To say Michael had high expectations entering his senior season would be a stark understatement. After publicly stating that he was "not losing this year" and tirelessly working to refine his jump shot, both scouts and opponents were abuzz about Michael and the Celtics.

"He really did get hyped up early, but he never let the hype affect his productivity," says Paul Biancardi, ESPN director of basketball recruiting. "That's the trademark of Michael Gilchrist -- how hard he works at the game."

Michael stole the show during the team's 26-0 start, winning MVP at the City of Palms Classic, Hoop Hall Classic and Prime Time Shootout while averaging 19.4 points, 14.3 rebounds, 6.3 assists and 5.2 blocks to place the Celtics atop the national polls.

Ultimately, the season culminated in the North Jersey Non-Public B championship and a dream matchup against rival St. Anthony (Jersey City,
N.J.), then the No. 2 team in the country.

"For the first time, I was kind of nervous before the game," Michael recalls of the March 9 contest before more than 8,000 fans at Rutgers. "That was the biggest game of my life."

But for the first time this season, St. Patrick found itself behind in the fourth quarter. Fatigue and two late runs by the Bob Hurley-coached Friars eventually finished the Celtics. Although he made his mark with a game-high 14 rebounds and five blocks, a swarming St. Anthony defense held Michael to seven points on 2-for-11 shooting.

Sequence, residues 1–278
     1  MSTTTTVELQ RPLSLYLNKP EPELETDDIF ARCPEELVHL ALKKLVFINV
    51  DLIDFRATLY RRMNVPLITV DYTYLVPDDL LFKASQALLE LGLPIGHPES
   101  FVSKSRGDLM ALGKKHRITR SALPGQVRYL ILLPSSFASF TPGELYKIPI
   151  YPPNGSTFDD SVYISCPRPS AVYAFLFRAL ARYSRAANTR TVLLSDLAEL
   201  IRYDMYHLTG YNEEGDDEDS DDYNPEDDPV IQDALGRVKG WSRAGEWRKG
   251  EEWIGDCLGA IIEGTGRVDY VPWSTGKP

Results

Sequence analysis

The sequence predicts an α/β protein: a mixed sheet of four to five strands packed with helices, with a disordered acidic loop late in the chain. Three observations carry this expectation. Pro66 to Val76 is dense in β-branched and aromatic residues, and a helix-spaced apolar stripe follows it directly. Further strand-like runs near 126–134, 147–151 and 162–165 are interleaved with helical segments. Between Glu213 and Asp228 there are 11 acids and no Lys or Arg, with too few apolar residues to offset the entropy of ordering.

With 46 seconds remaining, Michael's high school career ended with his fifth foul, prompting a round of applause from the crowd but one of the longest nights of his life.

"Michael can't stand to see other people hurting, but unfortunately it was beyond his control," Cindy says. "He beat himself up a little bit."

That didn't stop him from hugging and thanking his teammates in the locker room, whispering a word of encouragement to each one. And as he exited the arena, hood over his head, tears drying on his cheeks, he still managed to crack that contagious smile.

Losses may hurt Michael Gilchrist, but they don't make him bitter. They make him better.

Brandon Parker covers high school sports for ESPNHS. Follow him on Twitter @brandoncparker or email him at brandon.c.parker@espn.com.